Management Of The Sternocleidomastoid Muscle

Including the posterior triangle of the neck in the field of dissection requires a combined approach, both posterior and anterior to the sternocleidomastoid muscle (Fig. 4-15). In the upper half of the neck the dissection is performed anterior to the sternocleidomastoid muscle, whereas in the lower half of the neck the supraclavicular fossa is approached posterior to the sternocleidomastoid muscle.

To better understand this, imagine the surgical field divided horizontally in two halves by a line passing through Erb's point, the place where the superficial branches of the cervical plexus appear at the posterior border of the sternocleidomastoid muscle. This creates an upper and a lower part of the neck.

The upper half of this division includes the submental and submandibular nodes (area I), the upper part of the posterior triangle of the neck (upper part of area V), and part of the lymphatic chain of the internal jugular vein (area II and part of area III). The dissection of the upper half of this division is performed anterior to the sternocleidomastoid muscle. For this purpose, the muscle must be retracted posteriorly throughout the dissection.

The lower half of this imaginary division includes the supraclavicular fossa (lower part of area V), the lower part of the lymphatic chain of the internal jugular vein (area IV and part of area III), and the paratracheal lymph nodes (area VI). These regions will be approached both posterior and anterior to the sternocleidomastoid muscle. The supraclavicular fossa will be dissected from behind the muscle, and the remaining lymph structures of the lower half of the neck will be approached anterior to the sternocleidomastoid muscle.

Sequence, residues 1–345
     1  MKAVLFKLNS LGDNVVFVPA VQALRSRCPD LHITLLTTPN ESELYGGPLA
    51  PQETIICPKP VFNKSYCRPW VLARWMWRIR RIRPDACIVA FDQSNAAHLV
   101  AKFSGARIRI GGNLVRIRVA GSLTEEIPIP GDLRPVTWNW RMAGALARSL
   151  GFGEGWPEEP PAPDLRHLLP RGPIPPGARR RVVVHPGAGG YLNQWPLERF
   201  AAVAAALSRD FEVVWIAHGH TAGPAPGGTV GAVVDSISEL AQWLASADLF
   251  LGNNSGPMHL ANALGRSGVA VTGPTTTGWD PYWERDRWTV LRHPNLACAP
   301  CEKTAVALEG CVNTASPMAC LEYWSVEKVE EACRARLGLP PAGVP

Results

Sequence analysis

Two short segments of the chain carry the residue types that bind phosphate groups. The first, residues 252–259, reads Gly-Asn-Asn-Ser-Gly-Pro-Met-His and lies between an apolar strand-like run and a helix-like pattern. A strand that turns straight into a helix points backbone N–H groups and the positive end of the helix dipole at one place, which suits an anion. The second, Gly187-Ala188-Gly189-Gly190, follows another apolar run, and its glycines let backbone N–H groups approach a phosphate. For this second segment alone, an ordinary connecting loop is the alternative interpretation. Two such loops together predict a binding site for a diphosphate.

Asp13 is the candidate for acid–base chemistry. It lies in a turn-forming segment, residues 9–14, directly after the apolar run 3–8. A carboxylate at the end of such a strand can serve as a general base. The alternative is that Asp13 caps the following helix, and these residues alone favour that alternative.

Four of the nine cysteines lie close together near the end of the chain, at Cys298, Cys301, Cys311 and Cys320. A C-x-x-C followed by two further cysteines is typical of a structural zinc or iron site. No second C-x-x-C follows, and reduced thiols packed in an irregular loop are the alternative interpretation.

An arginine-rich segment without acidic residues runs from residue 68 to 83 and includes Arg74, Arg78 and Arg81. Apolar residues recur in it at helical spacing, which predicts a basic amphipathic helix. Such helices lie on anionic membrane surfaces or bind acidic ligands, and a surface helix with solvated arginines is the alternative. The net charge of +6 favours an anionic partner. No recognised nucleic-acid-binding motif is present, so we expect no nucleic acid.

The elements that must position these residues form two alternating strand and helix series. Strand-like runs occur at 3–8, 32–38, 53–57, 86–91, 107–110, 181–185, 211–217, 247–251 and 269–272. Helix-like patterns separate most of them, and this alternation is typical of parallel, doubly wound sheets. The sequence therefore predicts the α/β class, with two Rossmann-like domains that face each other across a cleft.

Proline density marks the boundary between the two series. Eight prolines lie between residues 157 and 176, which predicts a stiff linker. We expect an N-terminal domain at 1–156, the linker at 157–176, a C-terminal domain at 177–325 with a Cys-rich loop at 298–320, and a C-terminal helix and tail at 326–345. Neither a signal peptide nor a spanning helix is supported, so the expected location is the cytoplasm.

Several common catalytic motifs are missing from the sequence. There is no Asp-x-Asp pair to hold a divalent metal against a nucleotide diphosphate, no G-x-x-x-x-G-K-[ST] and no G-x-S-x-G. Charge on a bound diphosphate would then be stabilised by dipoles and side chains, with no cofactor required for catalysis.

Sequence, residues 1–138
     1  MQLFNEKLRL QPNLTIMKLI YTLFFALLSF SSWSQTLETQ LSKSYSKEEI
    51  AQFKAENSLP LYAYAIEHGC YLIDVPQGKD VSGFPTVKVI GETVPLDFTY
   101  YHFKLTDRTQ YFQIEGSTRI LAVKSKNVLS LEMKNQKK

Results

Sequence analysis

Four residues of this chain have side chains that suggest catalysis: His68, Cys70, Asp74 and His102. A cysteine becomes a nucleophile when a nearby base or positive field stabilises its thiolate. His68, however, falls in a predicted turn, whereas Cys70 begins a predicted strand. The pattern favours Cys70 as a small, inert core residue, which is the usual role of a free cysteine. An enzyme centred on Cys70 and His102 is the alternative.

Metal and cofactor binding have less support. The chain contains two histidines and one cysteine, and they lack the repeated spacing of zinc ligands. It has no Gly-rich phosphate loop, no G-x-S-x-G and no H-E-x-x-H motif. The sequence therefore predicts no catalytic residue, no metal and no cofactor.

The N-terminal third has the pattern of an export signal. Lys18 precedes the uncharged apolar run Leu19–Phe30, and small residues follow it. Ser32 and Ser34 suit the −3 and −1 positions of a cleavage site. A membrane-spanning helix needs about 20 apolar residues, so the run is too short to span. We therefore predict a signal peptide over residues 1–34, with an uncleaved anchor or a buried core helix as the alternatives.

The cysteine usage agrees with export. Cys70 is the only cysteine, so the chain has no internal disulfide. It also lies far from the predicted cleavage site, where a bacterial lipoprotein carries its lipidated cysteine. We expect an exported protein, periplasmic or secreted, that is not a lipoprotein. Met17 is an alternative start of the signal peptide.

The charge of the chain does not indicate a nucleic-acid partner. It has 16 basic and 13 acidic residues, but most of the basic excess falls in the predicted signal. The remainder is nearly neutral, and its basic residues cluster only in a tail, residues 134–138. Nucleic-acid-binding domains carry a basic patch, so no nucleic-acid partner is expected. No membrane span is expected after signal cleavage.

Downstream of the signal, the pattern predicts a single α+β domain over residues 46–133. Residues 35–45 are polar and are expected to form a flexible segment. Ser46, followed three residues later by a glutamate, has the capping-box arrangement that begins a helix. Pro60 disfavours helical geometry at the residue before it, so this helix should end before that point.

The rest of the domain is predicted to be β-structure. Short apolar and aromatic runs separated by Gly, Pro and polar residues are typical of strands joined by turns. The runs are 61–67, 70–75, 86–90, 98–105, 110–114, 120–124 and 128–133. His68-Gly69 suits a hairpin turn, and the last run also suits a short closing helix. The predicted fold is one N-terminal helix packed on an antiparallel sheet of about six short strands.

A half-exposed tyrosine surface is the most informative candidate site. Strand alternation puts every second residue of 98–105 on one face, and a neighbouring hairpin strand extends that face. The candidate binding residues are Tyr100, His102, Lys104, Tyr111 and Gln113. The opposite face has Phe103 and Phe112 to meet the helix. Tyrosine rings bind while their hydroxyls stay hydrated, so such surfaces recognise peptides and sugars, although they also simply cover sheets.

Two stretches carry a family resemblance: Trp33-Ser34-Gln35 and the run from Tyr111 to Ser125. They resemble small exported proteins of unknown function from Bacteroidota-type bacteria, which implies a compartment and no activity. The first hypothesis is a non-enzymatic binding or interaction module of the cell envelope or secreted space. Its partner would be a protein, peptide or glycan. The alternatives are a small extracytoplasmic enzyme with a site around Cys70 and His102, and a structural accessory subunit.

For the surgical specimen to be removed en bloc, the tissue removed from the supraclavicular fossa will be passed beneath the sternocleidomastoid muscle to meet the remaining part of the specimen. This maneuver, which has always been difficult to understand, is detailed in the following text.

V

i. <

/s'S ,1$

f k^^ym <

Sit1 ->,\ v 1

V; ;. \ ' fe h Î." J- J v '■ \ " q

* SC

TM

s \\ '•. j v i v .

Figure 4-15 Schematic view of the approach to the neck for a complete functional neck dissection. Above Erb's point the operation is performed anterior to the sternocleidomastoid muscle. The lower part of the posterior triangle (supraclavicular fossa) is approached posterior to the sternocleidomastoid muscle. SC, sternocleidomastoid muscle; TM, trapezius muscle; Erb's point.

Figure 4-16 Anatomical landmarks for the identification of the spinal accessory nerve on its course between the internal jugular vein and the sternocleidomastoid muscle (right side). transverse process of the atlas; sa, spinal accessory nerve; IJ, internal jugular vein; dg, digastric muscle; sl, splenius cervicis and levator scapulae muscles; sc, sternocleidomastoid muscle.

Figure 4-15 Schematic view of the approach to the neck for a complete functional neck dissection. Above Erb's point the operation is performed anterior to the sternocleidomastoid muscle. The lower part of the posterior triangle (supraclavicular fossa) is approached posterior to the sternocleidomastoid muscle. SC, sternocleidomastoid muscle; TM, trapezius muscle; Erb's point.

Now we shall resume the dissection at the point where we left it. The sternocleidomastoid muscle was almost completely free of its fascia, except for a small part at the posterior edge of the muscle, and the attention of the surgeon was directed to the upper part of the surgical field to identify the spinal accessory nerve on its course between the jugular foramen and the sternoclei-domastoid muscle.

0 0

Post a comment